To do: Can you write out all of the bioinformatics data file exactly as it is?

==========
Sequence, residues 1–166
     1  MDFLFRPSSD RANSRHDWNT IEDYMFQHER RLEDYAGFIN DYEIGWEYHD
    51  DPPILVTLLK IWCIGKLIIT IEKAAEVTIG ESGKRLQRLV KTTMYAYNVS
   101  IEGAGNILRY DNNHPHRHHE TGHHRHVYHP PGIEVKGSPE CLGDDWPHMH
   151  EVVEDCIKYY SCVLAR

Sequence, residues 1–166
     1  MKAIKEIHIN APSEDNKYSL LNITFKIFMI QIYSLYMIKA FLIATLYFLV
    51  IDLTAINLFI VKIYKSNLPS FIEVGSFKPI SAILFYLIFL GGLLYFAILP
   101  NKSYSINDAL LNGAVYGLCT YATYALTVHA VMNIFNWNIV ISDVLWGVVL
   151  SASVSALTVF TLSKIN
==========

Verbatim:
Sequence, residues 1–166
     1  MDFLFRPSSD RANSRHDWNT IEDYMFQHER RLEDYAGFIN DYEIGWEYHD
    51  DPPILVTLLK IWCIGKLIIT IEKAAEVTIG ESGKRLQRLV KTTMYAYNVS
   101  IEGAGNILRY DNNHPHRHHE TGHHRHVYHP PGIEVKGSPE CLGDDWPHMH
   151  EVVEDCIKYY SCVLAR

Sequence, residues 1–166
     1  MKAIKEIHIN APSEDNKYSL LNITFKIFMI QIYSLYMIKA FLIATLYFLV
    51  IDLTAINLFI VKIYKSNLPS FIEVGSFKPI SAILFYLIFL GGLLYFAILP
   101  NKSYSINDAL LNGAVYGLCT YATYALTVHA VMNIFNWNIV ISDVLWGVVL
   151  SASVSALTVF TLSKIN